"Unicorns can heal anyone, if they heal the unpure they will be nauseated, if they heal evil they will be sick for a period, if they heal a demon or devil they can die...The unicorn horn can be used to test the purity of a person, any but the pure will be nauseated at the touch of a unicorn horn."
    Will I need the above information? I don't know, I just started figuring out why unicorns are the way legends tell us, and continued on building their information.
    If you need it build it, have fun building it, include trivial items, make it real enough that when you throw something in, the reader will believe it.
    I know I have lots of information I will never use, but in writing it, I might have built something from the useless that will be useful.
    World building is an outlet for creativity. Don't drown in world building, but don't dehydrate your story by not being creative in it either.
    IMHO magic is the most important world building you can do. If you include magic in your fantasy, make sure you know the basics of how it works in general. What limits the mage from conquering the world, destroying the world. Make sure the magic is consistant, and workable. Know why the mage would learn more then one attck spell, defense spell, or why the mage hasn't used magic to make billions in gold coins, forgery or just teleporting into kings treasure rooms. Point and counter point, if someone makes something that gives them the advantage someone will make something to shift the power away, by corrupting it, altering it, defending against it, or using it to attack the original.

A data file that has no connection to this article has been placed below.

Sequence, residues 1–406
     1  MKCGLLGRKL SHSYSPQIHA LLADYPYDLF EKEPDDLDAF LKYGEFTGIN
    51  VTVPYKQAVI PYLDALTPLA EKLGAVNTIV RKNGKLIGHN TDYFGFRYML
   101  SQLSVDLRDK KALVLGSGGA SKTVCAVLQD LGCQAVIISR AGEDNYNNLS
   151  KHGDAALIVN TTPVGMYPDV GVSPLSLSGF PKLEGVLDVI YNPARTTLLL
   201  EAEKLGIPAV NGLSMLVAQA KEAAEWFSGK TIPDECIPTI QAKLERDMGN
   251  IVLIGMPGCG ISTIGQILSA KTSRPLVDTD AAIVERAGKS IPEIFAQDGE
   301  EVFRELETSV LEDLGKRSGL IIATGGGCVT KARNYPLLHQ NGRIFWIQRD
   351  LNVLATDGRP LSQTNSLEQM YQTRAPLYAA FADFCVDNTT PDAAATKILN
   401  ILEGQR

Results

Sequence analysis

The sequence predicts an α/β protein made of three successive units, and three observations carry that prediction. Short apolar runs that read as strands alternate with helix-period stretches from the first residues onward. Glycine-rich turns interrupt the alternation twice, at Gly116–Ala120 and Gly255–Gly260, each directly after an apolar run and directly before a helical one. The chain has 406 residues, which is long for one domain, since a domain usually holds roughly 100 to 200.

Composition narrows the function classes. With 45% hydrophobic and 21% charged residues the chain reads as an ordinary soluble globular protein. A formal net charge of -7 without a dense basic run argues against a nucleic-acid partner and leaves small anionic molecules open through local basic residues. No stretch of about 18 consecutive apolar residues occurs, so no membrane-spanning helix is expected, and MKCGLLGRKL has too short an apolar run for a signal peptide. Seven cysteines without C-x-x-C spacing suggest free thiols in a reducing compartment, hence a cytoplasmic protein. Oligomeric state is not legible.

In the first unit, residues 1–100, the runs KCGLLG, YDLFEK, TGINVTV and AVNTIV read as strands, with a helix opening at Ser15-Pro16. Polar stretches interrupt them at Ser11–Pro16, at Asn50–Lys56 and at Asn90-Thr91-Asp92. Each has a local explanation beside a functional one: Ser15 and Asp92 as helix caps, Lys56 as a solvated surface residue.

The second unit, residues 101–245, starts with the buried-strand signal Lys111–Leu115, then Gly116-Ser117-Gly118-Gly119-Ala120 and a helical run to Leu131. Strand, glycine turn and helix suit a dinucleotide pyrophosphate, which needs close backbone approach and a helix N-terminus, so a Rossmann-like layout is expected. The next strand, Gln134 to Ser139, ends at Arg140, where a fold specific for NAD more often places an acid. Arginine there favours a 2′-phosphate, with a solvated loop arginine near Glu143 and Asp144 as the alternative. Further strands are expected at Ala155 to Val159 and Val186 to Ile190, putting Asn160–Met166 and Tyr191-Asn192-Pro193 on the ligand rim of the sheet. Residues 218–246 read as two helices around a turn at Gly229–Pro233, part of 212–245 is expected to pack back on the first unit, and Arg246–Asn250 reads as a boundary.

The more you know, the more the reader will feel confident in your world.
  17. Chilari

    Chilari Staff Moderator

    I build as I go along. I start with what the story needs and what I want. For my WIP, I wanted a Greek flavour (because I like ancient Greece) and I needed a situation whereby there was a tyrant but not any more. I created a palatial oligarchic society drawing from both the Mycenaean and Archaic periods in Greek history.

    I also wanted some sort of supernatural, without having people throwing fireballs at one another. I don't like fireballs. I prefer background or nature magic. Again, going from the Greek flavour start, I created wind spirits, inspired by Aeoleus who gives Odysseus a bag of winds, and worked up from there, adding nature spirits based losely on Greek nymphs and so on.

    For a short story I'm working on, I wanted someone who could manipulate magic, without having magic users common or overpowered, so I decided that a few individuals, born outside the cities (which the spirits avoid) can manipulate the spirit magic - but to have significant power have to basically suck the magic out of the spirits and the life out of the land, leaving it barren and lifeless; and if they go too far, the spirits take it back forcibly.

    Once I've got these core elements that serve the story, I build up and see where things will logically go, either moving on from the story and how the events of it might be interpreted by those who were not part of it, or from worldbuilding elements, explaining why things are the way they are, or what the state things are in will ultimately lead to. So the events of the short story I'm working on will, by the time of the events of my novel WIP 60 years later, have been interpreted in a way which is not at all what happened, but there's nobody to set them straight. And conclusions are drawn from that interpretation, and now I have a reason for something I'd already decided for the novel - the separation of religion and government, secularism within my main city, developed as a result of a legend of events a few generations earlier.
  18. Regrix

    Regrix Dreamer

    Hi all,